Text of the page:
|McMaster University in Ontario recently released the findings of two interesting studies about exercise. McMaster researchers examined how exercise boosts health by triggering stem cells to become bone; and discovered that a missing muscle gene impairs the ability of mice to exercise.
In the stem cell project, researchers found that exercise triggers influential stem cells to become bone instead of fat, improving overall health by boosting the body’s capacity to make blood.
The body’s mesenchymal stem cells are most likely to become fat or bone, depending on which path they follow. Using treadmill-conditioned mice, a team led by Gianni Parise found that aerobic exercise triggers those cells to more often become bone. The exercising mice ran under an hour, three times a week, enough time to significantly impact their blood production. In sedentary mice, stem cells were more likely to become fat, impairing blood production in the marrow cavities of bones.
“A modest exercise program significantly increased blood cells in the marrow and in circulation,” says Parise. “What we’re suggesting is that exercise is a potent stimulus — enough of a stimulus to actually trigger a switch in these mesenchymal stem cells.”
The findings add to the growing list of established benefits of exercise, Parise says, and suggest that novel non-medicinal treatments for blood-related disorders may be in the future. “Some of the impact of exercise is comparable to what we see with pharmaceutical intervention,” he says.
In the other study, researchers made the unexpected finding that a lack of desire to exercise may be due to missing genes-not laziness. The researchers were working with healthy, specially-bred mice, and they removed in some of the mice two genes in muscle that are essential for exercise. The genes control the protein AMP-activated protein kinase (AMPK), an enzyme that is switched on when you exercise.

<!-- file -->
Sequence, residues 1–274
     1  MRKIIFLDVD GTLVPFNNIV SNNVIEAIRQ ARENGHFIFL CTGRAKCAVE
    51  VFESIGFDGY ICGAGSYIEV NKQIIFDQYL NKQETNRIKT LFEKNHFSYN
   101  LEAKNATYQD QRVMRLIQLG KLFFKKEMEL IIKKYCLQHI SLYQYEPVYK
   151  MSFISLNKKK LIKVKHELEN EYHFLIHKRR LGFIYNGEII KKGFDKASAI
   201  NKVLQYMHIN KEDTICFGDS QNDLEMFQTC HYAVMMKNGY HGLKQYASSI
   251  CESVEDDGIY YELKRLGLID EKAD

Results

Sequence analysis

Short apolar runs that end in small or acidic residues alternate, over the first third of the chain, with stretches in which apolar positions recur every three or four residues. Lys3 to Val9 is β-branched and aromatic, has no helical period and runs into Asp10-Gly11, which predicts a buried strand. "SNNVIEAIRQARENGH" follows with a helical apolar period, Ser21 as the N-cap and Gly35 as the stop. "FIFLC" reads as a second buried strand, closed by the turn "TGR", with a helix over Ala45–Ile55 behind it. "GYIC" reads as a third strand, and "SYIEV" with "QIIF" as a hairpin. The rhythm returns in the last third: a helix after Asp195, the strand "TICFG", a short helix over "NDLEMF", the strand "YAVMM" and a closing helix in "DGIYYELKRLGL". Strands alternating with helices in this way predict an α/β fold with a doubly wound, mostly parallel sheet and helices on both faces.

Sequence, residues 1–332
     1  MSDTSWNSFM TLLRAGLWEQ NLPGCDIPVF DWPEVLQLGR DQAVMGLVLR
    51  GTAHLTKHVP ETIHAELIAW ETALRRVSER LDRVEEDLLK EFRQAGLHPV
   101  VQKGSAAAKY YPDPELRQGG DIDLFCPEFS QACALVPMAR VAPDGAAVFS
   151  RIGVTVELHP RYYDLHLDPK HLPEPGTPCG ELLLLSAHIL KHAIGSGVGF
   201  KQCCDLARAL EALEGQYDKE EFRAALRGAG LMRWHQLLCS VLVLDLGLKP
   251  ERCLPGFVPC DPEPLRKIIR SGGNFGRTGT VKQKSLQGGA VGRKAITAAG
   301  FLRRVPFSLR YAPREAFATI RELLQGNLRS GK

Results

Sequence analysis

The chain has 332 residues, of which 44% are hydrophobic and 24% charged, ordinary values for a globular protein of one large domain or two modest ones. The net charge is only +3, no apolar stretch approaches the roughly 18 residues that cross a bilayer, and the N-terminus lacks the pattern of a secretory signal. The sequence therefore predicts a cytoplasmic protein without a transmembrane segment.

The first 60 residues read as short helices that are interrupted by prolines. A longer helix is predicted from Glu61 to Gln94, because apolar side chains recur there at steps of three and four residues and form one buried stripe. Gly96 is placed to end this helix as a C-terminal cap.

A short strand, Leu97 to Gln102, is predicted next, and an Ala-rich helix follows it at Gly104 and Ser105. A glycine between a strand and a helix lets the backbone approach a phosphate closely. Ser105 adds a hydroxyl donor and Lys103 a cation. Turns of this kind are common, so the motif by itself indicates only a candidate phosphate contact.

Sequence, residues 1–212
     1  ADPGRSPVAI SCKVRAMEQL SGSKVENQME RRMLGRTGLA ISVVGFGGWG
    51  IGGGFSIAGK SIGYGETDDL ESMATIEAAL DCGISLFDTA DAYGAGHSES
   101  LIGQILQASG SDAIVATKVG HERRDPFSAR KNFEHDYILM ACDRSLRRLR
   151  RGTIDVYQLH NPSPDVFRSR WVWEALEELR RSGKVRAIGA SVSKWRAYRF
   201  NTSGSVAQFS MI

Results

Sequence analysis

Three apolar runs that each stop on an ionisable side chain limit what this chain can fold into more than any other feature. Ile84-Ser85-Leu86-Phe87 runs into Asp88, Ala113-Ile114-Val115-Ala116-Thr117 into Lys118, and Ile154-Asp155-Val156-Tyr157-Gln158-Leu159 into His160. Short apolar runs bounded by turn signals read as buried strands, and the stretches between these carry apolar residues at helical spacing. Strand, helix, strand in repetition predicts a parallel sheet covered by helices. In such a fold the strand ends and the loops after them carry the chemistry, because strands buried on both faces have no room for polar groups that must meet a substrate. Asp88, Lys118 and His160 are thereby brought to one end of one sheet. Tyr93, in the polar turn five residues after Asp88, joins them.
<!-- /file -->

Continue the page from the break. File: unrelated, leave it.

“While the normal mice could run for miles, those without the genes in their muscle could only run a short distance,” said Gregory Steinberg, associate professor of medicine. “It was remarkable. The mice looked identical, but within seconds we knew which ones had the genes and which ones didn’t.”
The researchers found the mice without the muscle AMPK genes had lower levels of mitochondria and an impaired ability for their muscles to take up glucose while they exercise.
“When you exercise you get more mitochondria growing in your muscle. If you don’t exercise, the number of mitochondria goes down. By removing these genes we identified the key regulator of the mitochondria is the enzyme AMPK,” said Steinberg. He said the findings are important for individuals who find it difficult to exercise, such as the obese, asthmatics and people in wheelchairs. Their inability to exercise may lead to other complications such as diabetes and heart disease.
Steinberg warns couch potatoes, “As we remove activity from our lives due to emerging technology, the population’s base level of fitness is going down, reducing the mitochondria in people’s muscles. This makes it so much harder to start exercising.”